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esa.makelainen@evanomics.com
Introduction to Economic Value Added
September 1999, Esa Mäkeläinen, M. Sc. (Econ)
Contents
1. Background, use, benefits
2. Basic premise
3. Definition and characters
4. EVA and market values
5. EVA and bonus systems
6. Implementation
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esa.makelainen@evanomics.com
History and background
• Old consept (Residual Income = Operating profit - capital costs)
– However: the development level of capita markets, estimation of cc, Shareholder
Value -approach. were not supporting it those days
• In the late 1980´s Stern Stewart & Co (U.S.)
– name and trademark EVA
TM
(Economic Value Added)
– presented the superior characters in perform. measurement, link to market values (the
bigger EVA, the bigger m-cap), bonus systems
– presented some very successful EVA management and bonus systems (e.g. (Coca-
Cola, WalMart, Briggs & Stratton, AT&T)
– During 90´s to almost every big US-company (most used measure)
What EVA has had to give in order to expand like this?
• Superior performance measure compared to e.g. operating profit, profit after fin.
items, EPS, ROI, ROE… (explained later in detail why)
• Still very simple and operatively practical
• Improves profitability normally first through improved capital turnover
• Very suitable for bonus systems (logically after the first point)
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The basis of EVA: The average return on stock market
• The return of the most important stock indices during the last 20 years
Return of Indices, last 20 years
10
100
1000
10000
1
9
7
8
1
9
8
0
1
9
8
2
1
9
8
4
1
9
8
6
1
9
8
8
1
9
9
0
1
9
9
2
1
9
9
4
1
9
9
6
1
9
9
8
Year
I
n
d
e
x

v
a
l
u
e
DOW JONES
SP 500
NASDAQ
DAX (SAKSA)
12,9%/ year
13,7%/ year
11,4%/ year
15,7% / year
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The basis of EVA: The average return on stock market
• The return on stock markets has always (whole 20th century) been stable in the long
term (about 6%-points above the long-term risk-free rate)
– Nominal yields are not reliable comparison basis without considering inflation, therefore it is easier to talk
about return above the risk free rate)
• Investors can easily achieve the average index return with long-term invesments
(diversified portfolio)
• Therefore owners do not in the long-term have to accept returns below this average
==> the average long term equity return is also the alternative return for equity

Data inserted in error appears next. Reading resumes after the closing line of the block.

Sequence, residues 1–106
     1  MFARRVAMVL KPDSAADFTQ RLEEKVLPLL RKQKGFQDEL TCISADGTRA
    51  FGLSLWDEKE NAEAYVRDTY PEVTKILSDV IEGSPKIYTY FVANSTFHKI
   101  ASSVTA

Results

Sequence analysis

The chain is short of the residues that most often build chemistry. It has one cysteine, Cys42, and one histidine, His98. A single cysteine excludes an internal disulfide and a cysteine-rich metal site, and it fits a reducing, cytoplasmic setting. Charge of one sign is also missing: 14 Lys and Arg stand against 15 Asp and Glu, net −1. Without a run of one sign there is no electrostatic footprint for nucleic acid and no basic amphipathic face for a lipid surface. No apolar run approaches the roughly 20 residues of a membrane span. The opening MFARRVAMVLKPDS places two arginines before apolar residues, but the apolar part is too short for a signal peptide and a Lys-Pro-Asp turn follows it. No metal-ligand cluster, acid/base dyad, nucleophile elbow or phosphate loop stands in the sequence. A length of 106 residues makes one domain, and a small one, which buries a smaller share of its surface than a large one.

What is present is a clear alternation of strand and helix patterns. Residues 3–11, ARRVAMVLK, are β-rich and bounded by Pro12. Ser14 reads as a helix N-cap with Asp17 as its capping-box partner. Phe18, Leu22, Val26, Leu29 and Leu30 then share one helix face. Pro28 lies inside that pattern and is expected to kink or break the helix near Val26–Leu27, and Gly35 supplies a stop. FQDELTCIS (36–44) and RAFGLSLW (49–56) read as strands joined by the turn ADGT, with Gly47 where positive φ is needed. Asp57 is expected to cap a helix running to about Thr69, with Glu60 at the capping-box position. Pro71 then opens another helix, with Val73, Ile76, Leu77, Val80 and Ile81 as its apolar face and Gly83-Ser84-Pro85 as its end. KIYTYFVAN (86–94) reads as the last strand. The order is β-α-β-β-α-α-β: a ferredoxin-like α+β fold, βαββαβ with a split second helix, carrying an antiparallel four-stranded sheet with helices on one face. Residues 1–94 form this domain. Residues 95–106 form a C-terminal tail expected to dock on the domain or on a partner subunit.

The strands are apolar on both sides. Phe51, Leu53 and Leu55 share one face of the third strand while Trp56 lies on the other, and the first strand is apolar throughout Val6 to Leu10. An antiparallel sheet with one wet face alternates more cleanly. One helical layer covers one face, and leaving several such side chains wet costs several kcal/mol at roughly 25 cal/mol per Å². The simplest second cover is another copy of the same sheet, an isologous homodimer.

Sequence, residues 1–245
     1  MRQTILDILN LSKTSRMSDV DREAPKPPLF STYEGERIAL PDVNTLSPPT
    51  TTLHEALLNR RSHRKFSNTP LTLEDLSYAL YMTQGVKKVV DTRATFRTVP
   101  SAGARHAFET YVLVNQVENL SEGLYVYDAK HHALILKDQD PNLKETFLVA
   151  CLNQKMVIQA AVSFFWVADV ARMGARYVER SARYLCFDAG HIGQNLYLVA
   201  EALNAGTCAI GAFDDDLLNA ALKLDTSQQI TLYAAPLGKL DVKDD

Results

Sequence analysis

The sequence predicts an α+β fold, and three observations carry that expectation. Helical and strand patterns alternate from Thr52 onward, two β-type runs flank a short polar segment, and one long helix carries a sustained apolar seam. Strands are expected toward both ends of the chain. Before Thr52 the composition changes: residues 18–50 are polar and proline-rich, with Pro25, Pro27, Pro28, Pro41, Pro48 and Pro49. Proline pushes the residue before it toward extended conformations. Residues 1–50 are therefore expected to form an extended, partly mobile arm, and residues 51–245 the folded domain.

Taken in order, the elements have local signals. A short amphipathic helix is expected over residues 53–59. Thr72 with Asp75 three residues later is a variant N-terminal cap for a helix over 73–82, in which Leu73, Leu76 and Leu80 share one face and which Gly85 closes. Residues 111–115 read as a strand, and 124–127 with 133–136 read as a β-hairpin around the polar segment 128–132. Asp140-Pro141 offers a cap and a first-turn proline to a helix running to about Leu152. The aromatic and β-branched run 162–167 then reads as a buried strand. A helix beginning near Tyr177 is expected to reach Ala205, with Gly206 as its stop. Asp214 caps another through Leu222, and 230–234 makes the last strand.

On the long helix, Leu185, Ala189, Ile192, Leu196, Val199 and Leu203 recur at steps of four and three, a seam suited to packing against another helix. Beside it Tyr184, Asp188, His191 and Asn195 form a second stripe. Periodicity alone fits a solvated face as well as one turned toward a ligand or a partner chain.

investments. Keeping money in companies producing less in the long-term is not
sensible
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Return to owners
– Let us assume that the companies at the market achieve a return of 10% on average. The
following figure represents how the owners treat their holdings in different companies
-5 %
0 %
5 %
10 %
15 %
C
o
m
p
a
n
y
A
C
o
m
p
a
n
y
B
C
o
m
p
a
n
y
C
C
o
m
p
a
n
y
D
C
o
m
p
a
n
y
E
C
o
m
p
a
n
y
F
Return on
capital
Company A:
Negative return:
discontinued
Companies B and C:
Insufficient yield:
Capital will be withdrawn
gradually:
(investments to minimum)
Companies F and G:
Above average yield:
more investments,
operations will be explanded
Company D:
Sufficient return:
Operations continue
as before
Average return 10%
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Average cost of capital
• The cost of capital of a company is the average cost of equity and debt
• The cost of debt should be defined as the (long term) risk free rate + company
premium, e.g. 5% + 0,5% = 5,5%
• Cost of equity -> average return on similar risky investment
– Cost of Equity: (long term) risk free rate + beta x (equity risk premium) =>
– 5% + 1,3 x 6% = 12,8%
• Cost of capital (with target solvency) : (45% * 12,8%) + ( 55% * 5,5%)
1
≈ 9%
Cost
12,8%
Cost
5,5%
WACC
9,0%
1
Tax-s chield of debt
not included here
Assets Liabilities
Fixed assets Equity
Land 90 Share capital 200
Real estate 110 Retained earni 250
Machinery 220
Working capital Debt
Inventories 310 long-term 250
Sales recievab 220 short-term 200
Cash and ban 50 other 100
Total assets 1000 Total assets 1000
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Cost of capital (summary)
• Every company has certain average cost of capital which depends